The Franklin County Board of Developmental Disabilities had the right to terminate an adult-services worker for failing to disclose his sealed criminal conviction on applications to renew his state registration during the 18 years he worked there, the Ohio Supreme Court ruled today.
In a unanimous opinion, the Supreme Court ruled Michael Gyugo was obligated to honestly answer questions about his sealed conviction and the board had the right to fire him for affirmatively denying the conviction.
Writing for the Court, Justice Judith L. French noted that while Ohio law generally does not permit questions on employment and licensure applications about sealed convictions, those questions are permitted—and disclosure is required—when the questions bear a “direct and substantial relationship” to the position.
The decision affirms the ruling of the State Personnel Board of Review, the Franklin County Common Pleas Court, and the Tenth District Court of Appeals, all having rejected Gyugo’s appeal of his firing.
Record Sealed in 1992
In 1992, an Ohio common pleas court sealed the record of Gyugo’s prior conviction for an offense that is not identified in the Court’s record. In 1995, Gyugo applied with the developmental disabilities board to be a training specialist. The application asked whether Gyugo had ever been convicted of or pleaded guilty to a felony or similar serious offense. He answered “no.”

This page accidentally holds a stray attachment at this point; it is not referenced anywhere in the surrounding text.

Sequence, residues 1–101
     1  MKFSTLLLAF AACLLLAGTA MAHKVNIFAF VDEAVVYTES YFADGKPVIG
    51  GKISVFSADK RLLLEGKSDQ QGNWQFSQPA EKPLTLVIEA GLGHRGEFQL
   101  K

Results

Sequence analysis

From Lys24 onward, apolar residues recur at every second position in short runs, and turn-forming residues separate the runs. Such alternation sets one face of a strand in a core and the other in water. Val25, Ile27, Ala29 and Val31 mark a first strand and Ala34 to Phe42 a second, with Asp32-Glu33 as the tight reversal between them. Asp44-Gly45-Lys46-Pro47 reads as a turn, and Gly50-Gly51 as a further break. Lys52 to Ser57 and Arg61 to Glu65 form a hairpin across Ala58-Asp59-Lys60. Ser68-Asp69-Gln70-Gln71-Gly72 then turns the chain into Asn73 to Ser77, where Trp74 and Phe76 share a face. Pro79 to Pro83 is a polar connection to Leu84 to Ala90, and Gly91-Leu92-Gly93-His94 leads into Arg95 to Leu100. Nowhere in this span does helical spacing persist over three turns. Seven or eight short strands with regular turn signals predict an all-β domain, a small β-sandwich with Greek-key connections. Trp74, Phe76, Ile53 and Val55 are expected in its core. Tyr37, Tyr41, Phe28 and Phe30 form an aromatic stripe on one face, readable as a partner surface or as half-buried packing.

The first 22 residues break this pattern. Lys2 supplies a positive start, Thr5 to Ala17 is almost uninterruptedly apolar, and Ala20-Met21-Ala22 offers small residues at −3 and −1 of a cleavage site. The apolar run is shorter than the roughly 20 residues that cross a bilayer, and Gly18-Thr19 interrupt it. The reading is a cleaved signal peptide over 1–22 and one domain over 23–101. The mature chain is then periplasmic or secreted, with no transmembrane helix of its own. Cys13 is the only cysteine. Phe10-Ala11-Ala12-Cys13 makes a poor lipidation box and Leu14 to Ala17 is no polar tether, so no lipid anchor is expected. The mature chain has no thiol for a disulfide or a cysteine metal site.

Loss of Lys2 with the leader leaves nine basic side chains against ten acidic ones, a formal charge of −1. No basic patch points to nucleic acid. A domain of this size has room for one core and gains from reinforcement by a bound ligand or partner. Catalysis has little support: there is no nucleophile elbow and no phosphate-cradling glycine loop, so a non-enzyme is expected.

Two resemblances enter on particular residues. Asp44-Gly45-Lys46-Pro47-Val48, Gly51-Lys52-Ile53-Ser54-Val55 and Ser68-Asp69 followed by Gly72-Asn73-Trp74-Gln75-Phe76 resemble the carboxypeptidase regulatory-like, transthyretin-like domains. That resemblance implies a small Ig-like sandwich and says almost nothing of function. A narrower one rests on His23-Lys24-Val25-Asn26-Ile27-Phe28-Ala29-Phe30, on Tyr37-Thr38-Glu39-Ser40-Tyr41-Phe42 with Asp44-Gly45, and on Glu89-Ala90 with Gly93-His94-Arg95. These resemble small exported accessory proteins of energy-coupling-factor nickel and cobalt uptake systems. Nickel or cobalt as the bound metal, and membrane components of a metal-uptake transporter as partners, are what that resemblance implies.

Gyugo was informed that he would be subject to a criminal-background investigation, but the investigation did not reveal his sealed conviction. He received an employment policy manual that said giving false information or withholding pertinent information when applying for the job and dishonesty would be grounds for termination.
From 1995 to 2013, Gyugo trained and instructed employees with developmental disabilities. The position required that he maintain registration with the state as an adult-services worker, and he applied to renew his registration every four years beginning in 1996. Each registration application asked whether Gyugo had ever been convicted of a felony or a misdemeanor other than a minor traffic offense and stated that he had to “answer this question even if the record of [his] conviction(s)” had been sealed or expunged. The 2008 application also stated that he had to answer the question regardless of whether or not the conviction appears on a criminal background check. On each registration application, Gyugo answered “no” to the question.
In 2013, when completing a criminal record check on all its employees, the Franklin County board learned of Gyugo’s sealed conviction. He was provided a predisciplinary hearing, and then was terminated in October 2013 for dishonesty because he misrepresented his past criminal record on the application for employment and on each of four applications for registration.
Gyugo Appeals Termination
Gyugo appealed to the State Personnel Board of Review. A review board administrative law judge found that Gyugo’s belief that he was not required to disclose the sealed conviction on his 1995 employment application was reasonable because the application did not refer to sealed or expunged records. However, the administrative law judge concluded that Gyugo’s belief was unreasonable with respect to the registration applications, based on the wording of the questions.